One of the problems encountered annually is to decide whether pea plants have sufficient leaf wax to enable post-emergence applications of contact-acting herbicides to be made without damaging the crop. It is not always possible to know the previous weather conditions which might affect this issue and therefore a simple method for carrying out a test on the plants was required.
Such a test was developed at Chesterford Park Research Station using a solution of crystal violet. (Assessment of wettability of leaves by dipping in crystal violet. R.C. Amsden & C.P. Lewins, World Review of Pest Control 1966, Vol. 5, No. 4.)
This has proved to be an excellent method of determining leaf wax deposits on peas. The test should be carried out before applying any sprays which include bentazone. Some approved MCPB products also recommend that leaf wax is tested prior to application.
As a 1% solution of crystal violet in water. Crystal violet can be purchased through some chemists and pharmaceutical suppliers. The crystals can be bought and dissolved in water. The crystal violet solution is best conatined in a wide-necked container with a removable top and around 500ml capacity.
The plants to be tested should be carefully handled and a large pair of forceps should be used to pull the plant by gripping the base near the soil. It is then completely immersed in the dye. The plant is removed quickly and the surplus dye shaken off. Areas of the plant retaining the dye are where the wax deposit is either deficient or has been damaged. Several plants should always be tested. Different varieties should be tested separately before spraying.
A normal healthy pea plant will retain a certain amount of dye on the stem, the midribs, the tendrils, the leaf margins and on the oldest leaves at the very bottom of the plant. There is very little retention on the upper leaf areas and on the unopened growing points. Any mechanically damaged areas will also show retention.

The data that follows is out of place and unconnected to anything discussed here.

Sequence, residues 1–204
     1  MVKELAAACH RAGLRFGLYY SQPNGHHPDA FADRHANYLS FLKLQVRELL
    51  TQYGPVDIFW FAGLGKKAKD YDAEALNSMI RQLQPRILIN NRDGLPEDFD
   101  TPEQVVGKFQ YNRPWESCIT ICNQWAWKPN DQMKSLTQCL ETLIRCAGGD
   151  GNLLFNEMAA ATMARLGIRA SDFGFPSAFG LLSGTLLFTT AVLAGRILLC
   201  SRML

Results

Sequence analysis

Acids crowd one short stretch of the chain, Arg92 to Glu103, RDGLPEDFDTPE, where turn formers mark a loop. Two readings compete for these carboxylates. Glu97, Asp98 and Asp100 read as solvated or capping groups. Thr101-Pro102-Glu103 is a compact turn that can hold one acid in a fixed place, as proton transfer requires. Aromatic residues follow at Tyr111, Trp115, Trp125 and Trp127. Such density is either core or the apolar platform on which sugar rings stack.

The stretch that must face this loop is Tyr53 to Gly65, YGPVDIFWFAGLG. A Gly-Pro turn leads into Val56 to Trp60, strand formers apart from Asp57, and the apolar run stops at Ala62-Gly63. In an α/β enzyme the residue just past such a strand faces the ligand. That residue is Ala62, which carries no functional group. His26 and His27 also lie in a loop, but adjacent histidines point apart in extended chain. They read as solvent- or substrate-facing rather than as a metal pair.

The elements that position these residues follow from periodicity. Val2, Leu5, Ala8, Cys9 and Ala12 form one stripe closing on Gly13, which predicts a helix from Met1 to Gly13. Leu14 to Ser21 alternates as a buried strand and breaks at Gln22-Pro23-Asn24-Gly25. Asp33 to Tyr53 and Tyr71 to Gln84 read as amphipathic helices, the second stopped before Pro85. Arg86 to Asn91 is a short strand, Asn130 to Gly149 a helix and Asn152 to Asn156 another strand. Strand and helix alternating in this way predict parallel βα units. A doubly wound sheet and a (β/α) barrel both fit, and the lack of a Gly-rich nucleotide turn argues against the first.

If there is less than 5% of the area of surfaces of upper leaves showing retention and less than 10% of surfaces of lower leaves showing retention, the crop would be safe to spray.
On a plant with either insufficient or damaged leaf wax the dye will be retained on a considerable proportion of the leaf area and indeed under certain conditions virtually all the surface may show retention. If more than 5% of the upper leaf surface of more than 10% of the lower leaf surface retains the dye spraying should be delayed until the plants when tested show a normal amount of dye retention. This will probably take at least 5 - 7 days.
With a little experience this test can rapidly indicate whether pea crops are safe to treat, although knowledge of previous weather conditions will also be of value in helping to decide whether to spray or not.
Simple tests on various weeds will help the operator to develop experience of various degrees of dye retention.
It is recommended that protective gloves are worn when carrying out tests and avoid getting the dye onto skin or clothes as it is difficult to remove although not dangerous. In this event wash thoroughly as soon as possible with soap and methylated spirits. When the dye is dissolved rinse with water.